“Heroes and Villains” is a perfect example, an expansive epic Beach Boys song he wrote with Brian Wilson, which was so distinct from their world that certain Beach Boys actively rallied against it. It’s a song that breaks new ground, something which never appeals to conservatives happy with the old ground, or the sand, if you will.
But as Van Dyke explained in his Murrow-inspired introduction to this wondrously wordy song, still so bold in its surreal California breadth, “A nation of sheep will beget a government of wolves.”
At the conclusion of each song, rather than any conventional thank you, he threw up his hands and beamed with impish disbelief, which seemed to suggest: “There! We did it again! Does it get better? Can we possibly top that? Well, here goes!”
Heady equations continued to abound all night. Not unlike being in the presence of a famous mathematician proudly displaying newly discovered complexities of great beauty, you could feel his pride and joy. Intricate and infectious rhythms invigorated all these arrangements, woven with exhilarating string passages and his signature, glittering harp glissandos. (“That harp!” people rejoiced after; not since recent Marx Brothers screenings have there been so much harp-talk.) The brave intensity in cellist Cameron Stone’s eyes as his fingers flew over the cello neck in polyrhythms was wonderful to behold. It was a concert of much grace, wonder and elation.
But none of the orchestral virtuosity would add up to much if not for the songs. Of all the masterpieces this man has created, few resounds as deeply as “Orange Crate Art,” the title song of the album he did with Brian Wilson about the iconic art of our western state, and the spirit of that art and those artists. It’s pure Van Dyke, about the intersection of the timely and timeless in art and life, about imagery forever etched in our sentimental hearts, about melodies of great ardor and purity. It’s about all the beauty one human can contain, and contained, remarkably, in just a handful of minutes. Its performance was stunning.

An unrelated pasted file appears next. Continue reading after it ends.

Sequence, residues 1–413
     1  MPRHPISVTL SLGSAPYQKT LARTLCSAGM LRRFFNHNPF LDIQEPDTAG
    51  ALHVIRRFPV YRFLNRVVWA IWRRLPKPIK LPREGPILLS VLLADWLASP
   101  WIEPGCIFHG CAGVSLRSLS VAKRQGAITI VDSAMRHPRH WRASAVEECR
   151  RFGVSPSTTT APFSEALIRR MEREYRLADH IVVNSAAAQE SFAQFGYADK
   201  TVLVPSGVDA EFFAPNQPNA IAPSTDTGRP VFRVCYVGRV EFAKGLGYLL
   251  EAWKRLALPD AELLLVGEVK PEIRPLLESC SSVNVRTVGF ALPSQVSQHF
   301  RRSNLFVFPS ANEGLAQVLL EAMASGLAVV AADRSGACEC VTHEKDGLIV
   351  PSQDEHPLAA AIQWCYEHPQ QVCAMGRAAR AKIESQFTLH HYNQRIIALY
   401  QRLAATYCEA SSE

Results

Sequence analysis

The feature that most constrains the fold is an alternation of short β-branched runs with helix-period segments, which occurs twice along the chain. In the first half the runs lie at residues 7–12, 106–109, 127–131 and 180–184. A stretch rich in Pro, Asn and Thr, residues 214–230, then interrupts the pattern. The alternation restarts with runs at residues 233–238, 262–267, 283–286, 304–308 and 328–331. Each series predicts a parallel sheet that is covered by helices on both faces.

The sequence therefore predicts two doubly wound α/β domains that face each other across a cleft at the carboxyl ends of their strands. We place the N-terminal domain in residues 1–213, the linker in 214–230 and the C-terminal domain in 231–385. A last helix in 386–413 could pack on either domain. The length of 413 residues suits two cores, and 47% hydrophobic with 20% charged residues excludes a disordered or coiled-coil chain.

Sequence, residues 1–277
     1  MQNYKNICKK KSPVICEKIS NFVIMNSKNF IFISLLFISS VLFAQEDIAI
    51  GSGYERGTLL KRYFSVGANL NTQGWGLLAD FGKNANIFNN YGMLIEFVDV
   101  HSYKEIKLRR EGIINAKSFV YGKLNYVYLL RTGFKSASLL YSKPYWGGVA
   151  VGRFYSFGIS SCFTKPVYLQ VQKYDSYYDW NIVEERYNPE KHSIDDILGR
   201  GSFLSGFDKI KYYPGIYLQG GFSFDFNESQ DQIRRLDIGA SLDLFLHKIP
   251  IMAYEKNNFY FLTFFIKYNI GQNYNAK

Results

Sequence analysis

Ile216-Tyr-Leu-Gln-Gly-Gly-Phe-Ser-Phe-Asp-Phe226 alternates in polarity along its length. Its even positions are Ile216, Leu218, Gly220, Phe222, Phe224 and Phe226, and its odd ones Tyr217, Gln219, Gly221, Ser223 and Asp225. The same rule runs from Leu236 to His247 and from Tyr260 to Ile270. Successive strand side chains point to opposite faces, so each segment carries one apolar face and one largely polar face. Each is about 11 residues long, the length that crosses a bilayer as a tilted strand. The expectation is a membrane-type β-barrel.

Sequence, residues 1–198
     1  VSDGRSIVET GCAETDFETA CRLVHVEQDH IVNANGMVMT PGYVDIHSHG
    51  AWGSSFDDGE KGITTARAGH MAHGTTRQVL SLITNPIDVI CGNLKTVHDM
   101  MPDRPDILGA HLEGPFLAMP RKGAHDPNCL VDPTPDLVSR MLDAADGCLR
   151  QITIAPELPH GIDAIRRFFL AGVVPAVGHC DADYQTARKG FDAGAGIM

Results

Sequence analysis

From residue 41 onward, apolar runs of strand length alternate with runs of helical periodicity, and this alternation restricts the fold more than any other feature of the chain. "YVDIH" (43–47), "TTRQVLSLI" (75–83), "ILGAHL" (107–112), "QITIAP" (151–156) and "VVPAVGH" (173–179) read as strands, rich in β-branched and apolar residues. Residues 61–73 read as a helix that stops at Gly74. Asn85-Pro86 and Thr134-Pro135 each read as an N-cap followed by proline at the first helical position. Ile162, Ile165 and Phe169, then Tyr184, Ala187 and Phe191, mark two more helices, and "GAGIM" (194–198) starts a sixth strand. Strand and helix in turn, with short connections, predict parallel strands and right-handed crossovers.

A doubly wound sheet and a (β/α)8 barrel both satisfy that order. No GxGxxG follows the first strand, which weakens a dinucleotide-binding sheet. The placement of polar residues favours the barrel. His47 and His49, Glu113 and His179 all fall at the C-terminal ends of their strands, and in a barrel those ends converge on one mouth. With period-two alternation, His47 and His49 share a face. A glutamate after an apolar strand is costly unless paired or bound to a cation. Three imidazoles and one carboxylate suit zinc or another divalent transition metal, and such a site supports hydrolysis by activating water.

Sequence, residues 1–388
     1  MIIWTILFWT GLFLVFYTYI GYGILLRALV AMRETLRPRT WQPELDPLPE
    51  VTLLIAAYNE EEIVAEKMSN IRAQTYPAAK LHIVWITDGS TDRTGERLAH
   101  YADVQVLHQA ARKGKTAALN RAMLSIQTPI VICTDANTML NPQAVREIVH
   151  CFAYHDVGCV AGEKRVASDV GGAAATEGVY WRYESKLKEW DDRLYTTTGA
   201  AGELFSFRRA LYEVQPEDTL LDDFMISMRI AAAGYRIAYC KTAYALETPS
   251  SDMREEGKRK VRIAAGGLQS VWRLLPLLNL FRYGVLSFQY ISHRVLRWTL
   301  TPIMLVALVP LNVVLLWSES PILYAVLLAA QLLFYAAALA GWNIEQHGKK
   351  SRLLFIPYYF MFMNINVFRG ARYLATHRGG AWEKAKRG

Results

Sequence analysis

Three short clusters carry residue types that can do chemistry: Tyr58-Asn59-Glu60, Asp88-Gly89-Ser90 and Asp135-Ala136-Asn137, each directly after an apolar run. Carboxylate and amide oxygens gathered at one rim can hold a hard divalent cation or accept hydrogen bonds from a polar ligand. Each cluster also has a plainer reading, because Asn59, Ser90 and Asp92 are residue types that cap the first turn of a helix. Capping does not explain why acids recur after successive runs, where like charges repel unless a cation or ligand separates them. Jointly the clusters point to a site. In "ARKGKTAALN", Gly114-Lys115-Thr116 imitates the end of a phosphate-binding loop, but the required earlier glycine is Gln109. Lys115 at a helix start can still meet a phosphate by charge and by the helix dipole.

On vocals, in addition to the man, were Inara George and Gaby Moreno on the first night, in addition to Joe Henry, and on the second night Joe Walsh and Kimbra. Van Dyke brought an affectionately dynamic “Sailing Shoes,” written by Inara’s father Lowell George, whose capacious spirit was smiling through his song.
Van Dyke also strode onto some new, unbroken ground by performing some spoken-word with orchestral backing, using Lawrence Ferlinghetti’s, “I Am Waiting” which was electric in its acoustic intensity, and signaled what is coming next.
Joe Henry, who is now not only a legendary songwriter-singer but also a producer of great achievement, came on to sing “Death Don’t Have No Mercy,” by the Rev. Gary Davis. He sang it beautifully, with deep respect for the man at the keys, and a delivery of quiet, simmering soul. In the heart of the song, Van Dyke played a piano solo. But rather than a single note solo, as expected, he performed a chordal solo, all big extended chords ascending and overlapping, echoing and pulsating with shades of Ellington and Evans, a cubist painting fleetly created in the middle of the “American Gothic.” It was awesome, even mystical, in its fluid gravity.
Discussing this solo afterwards with Cameron, the cellist, I learned that it was because of Van Dyke’s hand injury that his playing was restricted, and he couldn’t play any single note solos. It brought to mind something he said years ago, in regards to finding freedom within the strictures of song form, which he told me he learned from Krishnamurti: “Limitation creates possibility.” Rather than be diminished by his inability to solo on single notes, he was liberated, and created something entirely new, and exquisite.
In other words, there are no excuses. If you find yourself restricted in any way, use that hindrance to soar to new possibilities.
All songs, in some sense, are about our desire to stop time. To preserve the beauty of life in three minutes. To celebrate a love affair, or a human history. To make something timeless in the emergent and ever-increasing incursion of passing time. He tackles time head on in “Hold Back Time,” his most overt and anthemic embrace of artist’s yearning to keep the songs alive, to jam until sunrise and beyond, to write love songs as real and timeless as love itself, and with as much joy:
“Don’t talk about tomorrow/Tell that old clock on the wall/He’ll have to call it a day/Hold back time.”
May Van Dyke hold back time forever. Thank you maestro for a magic night.